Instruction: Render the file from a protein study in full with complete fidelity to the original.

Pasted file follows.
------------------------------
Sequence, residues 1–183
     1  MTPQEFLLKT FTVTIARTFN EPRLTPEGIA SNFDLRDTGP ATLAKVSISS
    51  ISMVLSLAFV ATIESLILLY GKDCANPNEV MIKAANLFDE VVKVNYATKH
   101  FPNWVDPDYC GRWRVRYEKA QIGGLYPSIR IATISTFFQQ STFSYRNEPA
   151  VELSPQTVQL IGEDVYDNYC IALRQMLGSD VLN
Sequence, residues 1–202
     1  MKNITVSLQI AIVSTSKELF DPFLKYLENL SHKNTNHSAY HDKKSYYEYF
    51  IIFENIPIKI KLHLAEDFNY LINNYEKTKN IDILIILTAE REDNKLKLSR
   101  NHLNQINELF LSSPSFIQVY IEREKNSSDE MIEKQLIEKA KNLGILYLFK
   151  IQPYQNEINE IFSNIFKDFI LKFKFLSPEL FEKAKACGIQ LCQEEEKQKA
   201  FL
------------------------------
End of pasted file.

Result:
Sequence, residues 1–183
     1  MTPQEFLLKT FTVTIARTFN EPRLTPEGIA SNFDLRDTGP ATLAKVSISS
    51  ISMVLSLAFV ATIESLILLY GKDCANPNEV MIKAANLFDE VVKVNYATKH
   101  FPNWVDPDYC GRWRVRYEKA QIGGLYPSIR IATISTFFQQ STFSYRNEPA
   151  VELSPQTVQL IGEDVYDNYC IALRQMLGSD VLN
Sequence, residues 1–202
     1  MKNITVSLQI AIVSTSKELF DPFLKYLENL SHKNTNHSAY HDKKSYYEYF
    51  IIFENIPIKI KLHLAEDFNY LINNYEKTKN IDILIILTAE REDNKLKLSR
   101  NHLNQINELF LSSPSFIQVY IEREKNSSDE MIEKQLIEKA KNLGILYLFK
   151  IQPYQNEINE IFSNIFKDFI LKFKFLSPEL FEKAKACGIQ LCQEEEKQKA
   201  FL